Hospitals asked to save total of $105 million by July, Te Whatu Ora confirms

The country’s public hospitals have been given the target to save a total of $105 million by July.

Te Whatu Ora released this figure to RNZ on Friday afternoon after a series of leaks about which health districts faced what targets.

It said several districts have gone over budget in the past three months – and adds it is “reducing the overspend, not making cuts”.

Earlier on Friday, RNZ reported leaked information showed 12 districts had to save more than $80m; the leaked figures were largely correct.

For the first time, what the other eight mostly smaller districts need to save is revealed here – $23.3m together.

The savings ordered range from 0.6 percent to 1.2 percent of a district’s budget. A group in the central North Island face the highest proportional targets.

“The work we are doing is about bringing us back to budget,” said chief executive Margie Apa.

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The agency also confirmed giant consulting firm PWC “is providing some support for this particular programme, but responsibility rests with our leadership team”.

A PWC staff member was helping at Canterbury/Waitaha where there had been some resignations recently in the finance team.

“We do not have additional PWC support of this nature in other districts,” Apa said in a statement to RNZ on Friday afternoon.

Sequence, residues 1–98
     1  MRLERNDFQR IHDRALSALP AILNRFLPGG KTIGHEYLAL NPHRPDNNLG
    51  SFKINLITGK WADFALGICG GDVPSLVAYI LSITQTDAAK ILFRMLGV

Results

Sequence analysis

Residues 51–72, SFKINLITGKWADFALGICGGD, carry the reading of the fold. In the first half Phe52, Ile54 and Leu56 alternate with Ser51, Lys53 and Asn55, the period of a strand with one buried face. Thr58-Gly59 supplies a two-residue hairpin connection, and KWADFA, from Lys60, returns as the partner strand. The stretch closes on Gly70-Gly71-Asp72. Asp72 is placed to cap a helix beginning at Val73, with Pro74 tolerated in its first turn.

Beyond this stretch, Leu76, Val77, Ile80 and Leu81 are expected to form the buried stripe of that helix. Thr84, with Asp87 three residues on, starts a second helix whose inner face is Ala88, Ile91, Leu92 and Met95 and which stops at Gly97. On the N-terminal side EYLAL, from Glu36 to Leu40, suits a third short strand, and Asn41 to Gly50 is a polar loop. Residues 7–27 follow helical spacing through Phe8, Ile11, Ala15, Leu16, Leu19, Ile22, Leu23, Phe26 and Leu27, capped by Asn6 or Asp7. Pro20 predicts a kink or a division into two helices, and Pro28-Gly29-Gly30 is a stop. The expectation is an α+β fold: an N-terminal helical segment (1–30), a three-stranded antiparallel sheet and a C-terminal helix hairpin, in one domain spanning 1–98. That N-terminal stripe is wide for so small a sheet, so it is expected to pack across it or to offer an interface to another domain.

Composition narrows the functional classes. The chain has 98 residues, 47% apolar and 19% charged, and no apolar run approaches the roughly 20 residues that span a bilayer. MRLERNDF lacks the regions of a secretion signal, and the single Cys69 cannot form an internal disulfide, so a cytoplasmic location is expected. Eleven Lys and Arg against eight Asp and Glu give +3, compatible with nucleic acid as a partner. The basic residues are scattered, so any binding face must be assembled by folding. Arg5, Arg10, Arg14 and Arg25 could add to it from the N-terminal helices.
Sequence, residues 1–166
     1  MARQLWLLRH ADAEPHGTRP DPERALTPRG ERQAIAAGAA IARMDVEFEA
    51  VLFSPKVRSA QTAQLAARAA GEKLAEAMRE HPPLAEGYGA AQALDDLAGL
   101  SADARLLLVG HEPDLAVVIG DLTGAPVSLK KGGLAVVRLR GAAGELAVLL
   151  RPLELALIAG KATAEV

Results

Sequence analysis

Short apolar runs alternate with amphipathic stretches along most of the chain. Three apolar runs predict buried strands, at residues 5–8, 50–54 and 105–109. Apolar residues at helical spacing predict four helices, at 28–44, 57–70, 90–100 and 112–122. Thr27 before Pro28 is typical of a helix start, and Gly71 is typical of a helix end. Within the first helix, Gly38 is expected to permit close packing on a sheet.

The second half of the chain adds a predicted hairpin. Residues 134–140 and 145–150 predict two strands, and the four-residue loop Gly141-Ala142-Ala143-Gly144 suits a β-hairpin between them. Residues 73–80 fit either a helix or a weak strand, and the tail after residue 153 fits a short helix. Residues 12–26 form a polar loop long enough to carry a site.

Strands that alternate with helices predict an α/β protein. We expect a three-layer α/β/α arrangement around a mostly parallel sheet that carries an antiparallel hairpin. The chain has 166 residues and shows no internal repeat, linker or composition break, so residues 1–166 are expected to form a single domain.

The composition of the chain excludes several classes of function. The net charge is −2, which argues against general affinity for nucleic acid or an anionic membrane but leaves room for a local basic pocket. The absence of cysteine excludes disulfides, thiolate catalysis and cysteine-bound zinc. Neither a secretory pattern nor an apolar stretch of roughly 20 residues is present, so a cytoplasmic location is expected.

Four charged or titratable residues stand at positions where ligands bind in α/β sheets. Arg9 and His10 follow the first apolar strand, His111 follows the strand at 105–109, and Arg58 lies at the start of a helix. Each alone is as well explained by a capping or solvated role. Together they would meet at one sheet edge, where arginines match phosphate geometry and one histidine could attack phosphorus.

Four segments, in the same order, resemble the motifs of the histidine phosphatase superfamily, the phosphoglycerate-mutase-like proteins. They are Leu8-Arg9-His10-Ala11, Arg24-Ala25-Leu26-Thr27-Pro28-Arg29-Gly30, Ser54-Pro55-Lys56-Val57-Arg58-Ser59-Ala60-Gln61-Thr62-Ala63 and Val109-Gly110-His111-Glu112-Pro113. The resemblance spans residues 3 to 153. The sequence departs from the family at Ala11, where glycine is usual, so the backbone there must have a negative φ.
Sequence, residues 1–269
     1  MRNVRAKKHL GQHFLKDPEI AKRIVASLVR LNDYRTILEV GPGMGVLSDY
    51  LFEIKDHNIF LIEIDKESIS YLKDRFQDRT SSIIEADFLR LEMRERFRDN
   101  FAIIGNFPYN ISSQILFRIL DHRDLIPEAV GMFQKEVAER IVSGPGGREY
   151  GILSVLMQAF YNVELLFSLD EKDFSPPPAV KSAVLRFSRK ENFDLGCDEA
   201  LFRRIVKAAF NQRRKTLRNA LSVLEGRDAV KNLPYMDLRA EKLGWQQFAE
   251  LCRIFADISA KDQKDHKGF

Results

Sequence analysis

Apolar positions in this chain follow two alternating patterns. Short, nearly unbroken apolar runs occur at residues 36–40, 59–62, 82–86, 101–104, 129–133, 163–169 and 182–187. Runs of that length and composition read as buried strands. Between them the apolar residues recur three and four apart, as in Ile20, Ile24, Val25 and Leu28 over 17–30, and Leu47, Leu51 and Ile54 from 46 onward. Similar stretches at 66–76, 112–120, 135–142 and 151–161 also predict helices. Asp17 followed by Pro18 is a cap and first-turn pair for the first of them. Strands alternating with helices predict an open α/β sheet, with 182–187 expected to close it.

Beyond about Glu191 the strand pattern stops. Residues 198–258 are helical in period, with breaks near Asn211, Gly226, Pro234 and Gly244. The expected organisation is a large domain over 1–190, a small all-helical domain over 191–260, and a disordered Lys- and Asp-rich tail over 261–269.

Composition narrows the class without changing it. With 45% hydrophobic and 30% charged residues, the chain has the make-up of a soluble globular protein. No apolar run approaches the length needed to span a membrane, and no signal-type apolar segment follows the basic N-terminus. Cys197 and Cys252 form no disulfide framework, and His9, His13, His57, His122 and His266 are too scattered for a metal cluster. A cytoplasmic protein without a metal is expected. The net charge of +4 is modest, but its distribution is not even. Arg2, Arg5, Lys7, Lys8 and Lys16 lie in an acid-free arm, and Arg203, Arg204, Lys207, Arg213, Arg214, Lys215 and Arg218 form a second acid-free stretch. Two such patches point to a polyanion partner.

The savings had to be viewed against total budgets, she said.

Health NZ was funded almost $23 billion for 2023-24.

“Our hospitals have faced some major cost pressures this year.”

They had managed to hire more clinical staff, nursing and medical graduates, and almost 2500 nurses last year.

“That means we can reset the staffing in our hospitals, with less reliance on contingent or temporary staff. It also means staff can, and should, take leave,” Apa said.

Public hospitals have been given the target to save a total of $105 million by July, 2024.

Assurances over medical care

Shane Reti at a government health announcement in Whangarei

Health unions have warned the constraints will impact medical care, which is denied by Health NZ and Health Minister Shane Reti.

“We expect local managers to use their judgement to make decisions in their own settings when it comes to how they manage this,” Apa said.

“Managing clinical risk and ensuring patient safety remain our top priority, and resources are not being taken away from delivering frontline services. The measures we are taking are designed to help tighten management controls over budgets so we live within our means.”

In a statement, Dr Reti said: “Health NZ is not subject to the same government directive for savings as some other departments. These are operational decisions made by Health NZ, not the government.

“What Health NZ is doing is finding ways to reduce spending by making day-to-day operational practices as efficient as possible so they can re-invest in the frontline.

“I have been assured that managing clinical risk and sustaining services is always Health NZ’s top priority. None of these cost-saving measures will impact the level of care patients receive.”

When asked to supply the document or advice confirming that cost-cutting would not impact patient care, a spokesperson for the minister said he met officials often and received this assurance from Health NZ verbally.

According to the news on Radio New Zealand

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